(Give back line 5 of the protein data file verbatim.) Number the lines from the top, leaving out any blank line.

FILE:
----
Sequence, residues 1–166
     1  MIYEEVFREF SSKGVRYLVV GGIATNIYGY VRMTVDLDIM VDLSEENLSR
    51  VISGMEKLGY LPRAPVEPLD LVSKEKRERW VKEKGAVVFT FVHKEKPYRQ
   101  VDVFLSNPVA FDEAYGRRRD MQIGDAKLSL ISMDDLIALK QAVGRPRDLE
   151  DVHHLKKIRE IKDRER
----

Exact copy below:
   151  DVHHLKKIRE IKDRER